The following is a republishing of my blog post on The Royal Oak Patch, June 27, 2011

Somewhere through the middle of a week like Joplin I begin to ask myself what I can possibly say to help my students process their experience, to learn from it whatever lessons they most need.

I am a teacher that can be full of lecture; I recognize that.  And I know that for most of us, the role of the teacher is to imbue knowledge to young people, to offer them the correct grammar and to help them practice their mathematics.  This English teacher corrected no grammar all week.

But I did tell all of the students that they had two jobs: to work and to listen. And, as always, I had no idea how important those simple directions would be. Even having run similar trips before, I did not anticipate the impact they would have on the people of Joplin or on my students. And of such encounters is education made real.

To be sure, our work in Joplin was important.  We worked on a total of five different home sites and on Joplin High School, completing work on three of them.  Our original goal was to complete two home sites during the week. We were scheduled to work a Salvation Army distribution center all week.  We did, but we also staffed the Salvation Army’s “Oasis” tent to help residents apply for FEMA aid. Some of our students created and staffed an impromptu children’s center with coloring books, chalk, and now stuffed animals for each child who arrives. And when time on Friday afternoon ran out, four of our students protested and completed work on our fifth home site in 95 degree heat, even as the rest of us sorted and packed tools.

We did not expect to meet the art teacher whose home was destroyed and yet insisted our students find ways to save materials for re-use by his neighbors. We left the basement of our second site intact, the place where an elderly couple huddled against the storm which flooded them with mud and debris. We met Troy, a local radio DJ, who was so impressed with our work that he bought our group passes to a local fair. We met a man from Washington state who drove down without a plan, just to help.

We could not anticipate the man who would cry on the shoulder of one of our interns, or the woman who begged for simple detergent at the distribution center. (When our students found some, they literally cheered, but such finds were rare.)

We were overwhelmed by the devoted attention of the American Red Cross, the Salvation Army, the US Army Corps of Engineers, the local police and media, and dozens of residents to our work. Down the block we saw Americorps volunteers, Samaritans, and even the Kansas City Chiefs working on homes, and it was not enough. Trucks would stop to offer water, snacks, and medical attention.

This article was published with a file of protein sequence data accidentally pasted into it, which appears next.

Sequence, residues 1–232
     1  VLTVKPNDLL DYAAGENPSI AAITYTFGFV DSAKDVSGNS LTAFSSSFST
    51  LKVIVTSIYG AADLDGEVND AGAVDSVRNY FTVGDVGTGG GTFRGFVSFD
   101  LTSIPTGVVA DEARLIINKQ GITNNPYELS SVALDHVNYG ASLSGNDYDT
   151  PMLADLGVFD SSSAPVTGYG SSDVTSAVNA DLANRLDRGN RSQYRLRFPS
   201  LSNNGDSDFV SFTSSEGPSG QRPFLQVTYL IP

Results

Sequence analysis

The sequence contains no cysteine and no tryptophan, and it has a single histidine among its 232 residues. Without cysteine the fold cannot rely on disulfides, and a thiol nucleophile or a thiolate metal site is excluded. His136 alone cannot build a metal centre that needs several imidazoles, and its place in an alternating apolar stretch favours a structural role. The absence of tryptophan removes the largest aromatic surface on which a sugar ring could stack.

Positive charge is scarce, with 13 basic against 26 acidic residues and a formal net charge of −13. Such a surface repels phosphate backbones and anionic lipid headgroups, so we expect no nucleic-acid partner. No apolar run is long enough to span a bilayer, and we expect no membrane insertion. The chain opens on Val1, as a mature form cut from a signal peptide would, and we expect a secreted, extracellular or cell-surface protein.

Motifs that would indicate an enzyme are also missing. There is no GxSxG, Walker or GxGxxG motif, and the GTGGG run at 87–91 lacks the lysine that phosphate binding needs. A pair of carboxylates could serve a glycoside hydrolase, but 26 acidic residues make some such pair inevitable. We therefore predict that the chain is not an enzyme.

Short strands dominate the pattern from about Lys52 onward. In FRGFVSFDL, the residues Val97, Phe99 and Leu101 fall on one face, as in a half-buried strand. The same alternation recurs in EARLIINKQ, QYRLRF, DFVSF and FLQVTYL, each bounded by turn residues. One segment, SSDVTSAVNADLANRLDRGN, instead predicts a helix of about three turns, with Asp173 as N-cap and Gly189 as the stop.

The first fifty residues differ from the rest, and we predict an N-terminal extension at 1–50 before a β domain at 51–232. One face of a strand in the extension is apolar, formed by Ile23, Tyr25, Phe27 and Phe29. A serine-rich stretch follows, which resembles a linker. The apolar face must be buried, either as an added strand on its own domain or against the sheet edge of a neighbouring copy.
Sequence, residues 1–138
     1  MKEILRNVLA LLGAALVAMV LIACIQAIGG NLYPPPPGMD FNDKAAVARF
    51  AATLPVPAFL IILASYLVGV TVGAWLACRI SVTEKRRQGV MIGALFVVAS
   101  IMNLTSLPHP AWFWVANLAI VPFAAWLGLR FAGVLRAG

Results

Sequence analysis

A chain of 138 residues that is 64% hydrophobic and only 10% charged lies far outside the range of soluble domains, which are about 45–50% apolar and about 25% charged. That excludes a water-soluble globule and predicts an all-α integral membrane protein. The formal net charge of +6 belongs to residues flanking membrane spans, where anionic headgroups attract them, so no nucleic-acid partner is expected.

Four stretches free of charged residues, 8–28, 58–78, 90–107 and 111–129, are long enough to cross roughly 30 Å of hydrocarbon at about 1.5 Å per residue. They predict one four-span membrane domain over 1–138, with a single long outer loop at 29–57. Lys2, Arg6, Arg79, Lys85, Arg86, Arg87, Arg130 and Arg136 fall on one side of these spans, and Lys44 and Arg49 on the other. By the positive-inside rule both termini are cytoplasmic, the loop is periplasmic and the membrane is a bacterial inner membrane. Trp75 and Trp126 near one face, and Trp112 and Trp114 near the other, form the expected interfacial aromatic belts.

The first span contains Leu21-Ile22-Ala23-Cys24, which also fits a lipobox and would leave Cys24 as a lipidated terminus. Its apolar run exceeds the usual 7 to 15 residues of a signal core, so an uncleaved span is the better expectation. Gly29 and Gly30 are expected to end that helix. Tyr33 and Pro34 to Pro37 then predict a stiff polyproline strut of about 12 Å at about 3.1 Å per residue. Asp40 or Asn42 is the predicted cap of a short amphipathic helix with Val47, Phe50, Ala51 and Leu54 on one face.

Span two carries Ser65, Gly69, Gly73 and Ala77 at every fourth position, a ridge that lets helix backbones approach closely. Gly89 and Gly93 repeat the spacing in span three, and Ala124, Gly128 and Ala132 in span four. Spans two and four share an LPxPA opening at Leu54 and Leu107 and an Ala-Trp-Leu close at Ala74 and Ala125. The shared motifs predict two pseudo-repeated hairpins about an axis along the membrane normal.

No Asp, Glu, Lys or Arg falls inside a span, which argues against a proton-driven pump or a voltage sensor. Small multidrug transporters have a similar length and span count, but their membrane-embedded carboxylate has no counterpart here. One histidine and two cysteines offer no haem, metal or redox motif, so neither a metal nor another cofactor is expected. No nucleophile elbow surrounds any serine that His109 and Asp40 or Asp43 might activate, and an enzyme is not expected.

As freshman Calum carried supplies to the car of one resident, the cascade of thank-you’s made him “feel like a superhero.” As another couple looked on while we dismantled the remains of their home, the words “God Bless you” seemed to them inadequate.

We were forced to turn away some residents asking for aid, perhaps because they did not have their FEMA aid number, or because they could not provide written evidence of insurance or residence status:  we learned first-hand about government bureaucracy. We witnessed a dozen trucks through the week scavenging metal; we heard stories of the people of Joplin scammed by con artists looking to take advantage of their plight. We saw the “Tornado Pets” shelter and knew it held hundreds of homeless animals. We were there while the death toll from the tornadoes rose twice more.

We helped children draw pictures of their experience, one boy insisting that we add Transformers to his violent image to stop the tornado from destroying more homes.

Dale from Joplin walked me through the remains of his home as we removed its front wall, showing me the bathroom where he crouched over his 18-month-old grandson, telling him that “If grandpa stopped talking to him, not to worry, because his dad would come home soon.” The ceiling of the bathroom ripped away and water poured across them, but the walls remained.

And so we worked, but we listened.

At our Friday reflection, I had a hard time telling my small stories.  But these and others poured out of our students. We write words, sometimes, which are wholly inadequate to the experiences we carry with us.

One of our students said that he did not at the beginning of the week believe his work could mean anything here. Several said they wished they could stay, no matter how sore we all were. Another reminded us that while we were here for a week, the people of Joplin would live like this for many months more. And one said that before this week she had never before felt proud of herself.

Education, I remind myself, the kind that counts, cannot always be measured by an ACT score.  And I don’t have to have every answer to the questions of our students’ experiences.  All we need to do is open an opportunity for young people to find a genuine purpose in their lives, one that does not require the bribery of a GPA or the distracted rewards of Nintendo privileges.  Service to others teaches much of what we need, if we create opportunities for this kind of education.

And, for better and for worse, the world is full of them.

Please find out more about Interact of Royal Oak at our website:  There you will find more photos of our work and information on our other projects.

Many thanks go to National Relief Network who organized our work experience, perhaps the only non-profit that works with minors in disaster relief service trips.

And more thanks to editor Beth Valone and reporter Judy Davids of The Patch for this terrific opportunity for my students to reflect through their week in Joplin.

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